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The Mali Empire and Activity of Mansa Musa: Analytical Essay

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The government in Europe wasn’t stable in the fourteenth century. The government didn’t know how to handle the current situation and just went along with time and was practically improvised. The Roman Catholic Church had control of the European Government during the 14th century.The plague infected everyone, soon high-ranking church officials began contracting the plague, and as these people were supposed to be close to god, this weakened people’s faith in the Roman Catholic Church, leading to an unstable government. Since the plague was considered an act of God, the people began to pray and when the prayer did not work, the Europeans turned their backs on the church and also the government. Many government officials were infected with the plague, leading to a disordered government.

In this century the Black Plague affected the economy of Europe as a whole. At the time the economy of Europe was based on commerce and agriculture. People have decided to avoid areas where contact was made with others. Because of the fear of contracting this infectious disease, places that depended on trade later had economic problems, market places and trade areas were avoided. Places such as seaports were major hotspots for this disease since they came from different areas, these cities which contained seaports often had a large number of people infected which affected the economy because people were unable to work and merchants and traders were left with no merchandise due to the plague. The number of deaths started to increase because of the plague, which left many jobs to be undone. This affected the economy as nobody worked and it became difficult to get goods and grow goods. The prices for importing goods and even obtaining them locally started to rise enormously. All of these circumstances have caused inflation for the European economy.

In Europe, due to the Balck Plague, the social system changed. This plague had affected everyone no matter what social class they belonged to. During this century, Europe’s classification of society was based on a feudal system. When the plague began to hit Europeans began to die which left the number of workers to be scarce. The social class known as peasants had the upper hand because now they could offer themselves to work at whatever price they wanted. When one lord refused their conditions, the peasants would go and seek for work elsewhere, where their conditions could be met. Also, due to the plague there where more job opportunities and the peasants had gained more money than the social classes had practically been dissolved. When the Black Plague hit Europe, Christians began to blame Jews for this. Jews were blamed and accused of poisoning wells, which was the suspected reason why Jews were not being affected as much compared to everyone else. Later, Jews began to be persecuted and then they began to be massacred in April of 1348.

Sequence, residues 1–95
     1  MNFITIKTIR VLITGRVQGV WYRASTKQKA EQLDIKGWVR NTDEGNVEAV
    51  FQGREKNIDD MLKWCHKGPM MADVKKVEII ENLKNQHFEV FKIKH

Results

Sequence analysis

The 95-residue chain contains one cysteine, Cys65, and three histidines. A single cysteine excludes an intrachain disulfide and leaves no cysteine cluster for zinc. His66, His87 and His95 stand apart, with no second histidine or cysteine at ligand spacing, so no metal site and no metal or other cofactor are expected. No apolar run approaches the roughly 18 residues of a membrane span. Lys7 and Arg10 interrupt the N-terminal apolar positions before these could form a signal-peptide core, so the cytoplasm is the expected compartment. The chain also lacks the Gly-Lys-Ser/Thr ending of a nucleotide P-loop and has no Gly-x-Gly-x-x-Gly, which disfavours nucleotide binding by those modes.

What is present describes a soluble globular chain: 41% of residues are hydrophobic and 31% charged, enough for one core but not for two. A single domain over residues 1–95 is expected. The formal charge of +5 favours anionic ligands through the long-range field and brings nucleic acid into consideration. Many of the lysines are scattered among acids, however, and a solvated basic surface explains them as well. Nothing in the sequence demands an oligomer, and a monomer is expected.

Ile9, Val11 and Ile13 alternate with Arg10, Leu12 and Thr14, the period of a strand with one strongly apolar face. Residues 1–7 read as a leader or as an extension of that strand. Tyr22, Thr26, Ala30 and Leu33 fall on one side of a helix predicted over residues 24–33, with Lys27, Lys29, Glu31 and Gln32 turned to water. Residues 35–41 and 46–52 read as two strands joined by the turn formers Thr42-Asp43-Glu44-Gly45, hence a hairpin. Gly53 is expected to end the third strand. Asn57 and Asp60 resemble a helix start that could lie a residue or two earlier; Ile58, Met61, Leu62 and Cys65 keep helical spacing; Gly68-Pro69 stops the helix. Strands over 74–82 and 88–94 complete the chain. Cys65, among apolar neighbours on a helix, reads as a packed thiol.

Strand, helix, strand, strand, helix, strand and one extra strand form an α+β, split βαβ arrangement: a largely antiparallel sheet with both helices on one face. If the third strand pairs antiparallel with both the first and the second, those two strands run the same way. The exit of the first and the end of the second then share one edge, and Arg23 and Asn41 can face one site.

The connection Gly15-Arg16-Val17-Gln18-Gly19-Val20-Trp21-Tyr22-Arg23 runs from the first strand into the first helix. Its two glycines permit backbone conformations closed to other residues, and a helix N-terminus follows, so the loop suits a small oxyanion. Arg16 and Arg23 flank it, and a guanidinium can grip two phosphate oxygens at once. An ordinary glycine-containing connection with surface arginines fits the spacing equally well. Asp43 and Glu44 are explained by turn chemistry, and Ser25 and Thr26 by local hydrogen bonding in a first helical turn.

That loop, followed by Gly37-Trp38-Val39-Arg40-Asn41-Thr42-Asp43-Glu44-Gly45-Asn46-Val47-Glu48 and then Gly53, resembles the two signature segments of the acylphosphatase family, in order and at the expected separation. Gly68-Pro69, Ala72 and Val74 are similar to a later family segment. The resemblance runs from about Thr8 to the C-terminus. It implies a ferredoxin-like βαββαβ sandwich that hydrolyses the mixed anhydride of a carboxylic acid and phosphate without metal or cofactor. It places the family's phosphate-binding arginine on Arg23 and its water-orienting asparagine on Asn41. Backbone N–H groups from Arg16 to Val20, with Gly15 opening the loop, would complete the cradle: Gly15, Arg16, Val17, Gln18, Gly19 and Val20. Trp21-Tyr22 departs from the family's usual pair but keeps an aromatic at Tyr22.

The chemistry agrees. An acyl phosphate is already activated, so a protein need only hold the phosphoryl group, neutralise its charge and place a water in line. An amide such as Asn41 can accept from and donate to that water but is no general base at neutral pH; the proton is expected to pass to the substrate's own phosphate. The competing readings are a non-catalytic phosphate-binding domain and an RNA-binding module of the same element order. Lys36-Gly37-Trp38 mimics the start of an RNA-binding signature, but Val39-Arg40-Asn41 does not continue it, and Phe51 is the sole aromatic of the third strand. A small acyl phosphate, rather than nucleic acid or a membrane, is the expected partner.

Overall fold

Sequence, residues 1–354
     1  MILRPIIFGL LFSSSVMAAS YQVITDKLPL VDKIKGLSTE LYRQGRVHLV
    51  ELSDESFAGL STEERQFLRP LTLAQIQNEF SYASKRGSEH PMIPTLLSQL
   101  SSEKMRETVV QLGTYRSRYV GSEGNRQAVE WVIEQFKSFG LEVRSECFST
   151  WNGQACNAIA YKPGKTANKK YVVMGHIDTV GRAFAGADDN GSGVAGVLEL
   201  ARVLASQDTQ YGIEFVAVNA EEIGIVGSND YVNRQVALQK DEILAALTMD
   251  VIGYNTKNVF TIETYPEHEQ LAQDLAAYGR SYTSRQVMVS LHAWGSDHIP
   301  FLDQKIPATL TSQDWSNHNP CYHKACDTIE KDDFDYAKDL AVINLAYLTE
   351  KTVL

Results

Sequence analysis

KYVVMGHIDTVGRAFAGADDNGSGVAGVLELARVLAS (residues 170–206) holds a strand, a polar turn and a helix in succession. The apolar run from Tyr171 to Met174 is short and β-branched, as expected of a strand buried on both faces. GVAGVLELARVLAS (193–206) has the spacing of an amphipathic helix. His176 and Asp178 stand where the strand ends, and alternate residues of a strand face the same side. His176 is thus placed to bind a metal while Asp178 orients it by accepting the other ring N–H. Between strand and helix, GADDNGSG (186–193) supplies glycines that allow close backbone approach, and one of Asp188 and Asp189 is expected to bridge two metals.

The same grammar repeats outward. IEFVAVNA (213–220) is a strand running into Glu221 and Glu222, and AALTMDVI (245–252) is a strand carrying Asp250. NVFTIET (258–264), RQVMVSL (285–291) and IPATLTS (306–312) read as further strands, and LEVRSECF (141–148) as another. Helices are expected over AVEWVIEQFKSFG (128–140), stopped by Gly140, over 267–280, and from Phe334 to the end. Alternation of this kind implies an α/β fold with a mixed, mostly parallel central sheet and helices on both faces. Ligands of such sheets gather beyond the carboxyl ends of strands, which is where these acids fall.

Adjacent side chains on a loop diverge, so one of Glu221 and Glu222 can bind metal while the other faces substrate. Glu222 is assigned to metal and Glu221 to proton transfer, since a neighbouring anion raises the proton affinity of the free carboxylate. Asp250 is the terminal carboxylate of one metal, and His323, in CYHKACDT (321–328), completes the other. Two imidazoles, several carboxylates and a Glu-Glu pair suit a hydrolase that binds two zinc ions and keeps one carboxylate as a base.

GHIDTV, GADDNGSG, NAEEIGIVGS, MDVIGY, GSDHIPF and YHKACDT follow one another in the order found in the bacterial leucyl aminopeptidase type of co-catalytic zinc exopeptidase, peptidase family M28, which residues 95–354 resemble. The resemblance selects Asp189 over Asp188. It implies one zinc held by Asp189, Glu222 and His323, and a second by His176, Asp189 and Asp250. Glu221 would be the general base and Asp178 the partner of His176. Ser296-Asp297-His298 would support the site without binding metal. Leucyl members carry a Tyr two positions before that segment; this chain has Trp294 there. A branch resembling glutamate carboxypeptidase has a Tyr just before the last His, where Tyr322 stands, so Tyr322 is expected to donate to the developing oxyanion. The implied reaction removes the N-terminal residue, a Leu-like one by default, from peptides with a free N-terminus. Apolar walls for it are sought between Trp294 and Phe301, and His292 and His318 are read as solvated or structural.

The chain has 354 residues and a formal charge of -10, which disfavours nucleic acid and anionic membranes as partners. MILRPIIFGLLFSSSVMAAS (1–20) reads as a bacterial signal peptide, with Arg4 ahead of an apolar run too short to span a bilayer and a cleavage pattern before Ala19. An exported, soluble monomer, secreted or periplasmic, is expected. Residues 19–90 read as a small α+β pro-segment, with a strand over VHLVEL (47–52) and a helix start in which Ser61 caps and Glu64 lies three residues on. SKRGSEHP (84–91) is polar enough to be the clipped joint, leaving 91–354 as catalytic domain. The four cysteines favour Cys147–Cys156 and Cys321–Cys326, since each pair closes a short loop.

In the 14th century, the Ottoman empire began to expand. During this time the Ottoman Empire took advantage of the weakened frontier defense of the Byzantine Empire, this began under the rule of Osman and continued with his successors Orhan, Murad I in which they took control over Byzantine territories, starting with western Anatolia and then in southeastern Europe. In 1324, Orhan captured Bursa which provided the means to develop the administrative, economic, and military power in order to convert the principality into a real state and to establish an army. He began a military policy, which was later expanded by his successors, which involved the employment of Christian mercenary troops. Later, Orhan was able to take control of the remaining towns of the Byzantine Empire in northwestern Anatoliawhich were: Uskudar and Izmit. In 1345, Orhan took control of Karasi gaining control over the area in between the Gulf of Edremit and Kapidagi, later reaching the Sea Marmara. Orhan was then forced to end the monopoly in the city of Aydin, which provided mercenary troops to the Byzantine factions Thrace and Constantinople. When Aydin collapsed following the death of its ruler left the Ottomans to rule the ghazis alone against the Byzantines. The Ottomans began to raid parties that moved through Gallipoli into Thrace, which strengthened the power of the Ottoman Empire. Murad I son of Orhan’s was the first emperor of the Ottoman Empire to use Gallipoli as a place for conquests in Europe. The conquests extended to the north part of Thrace, which led to the capturing of Adrianople in 1362 the last city of the Byzantince Empire. Adrianople, later renamed Edirne, became the new capital of the Ottoman Empire which provided the Ottomans with a center of administrative and military control in Thrace. In 1363, Murad I moved through the Maritsa River valley and took control of Philippopolis.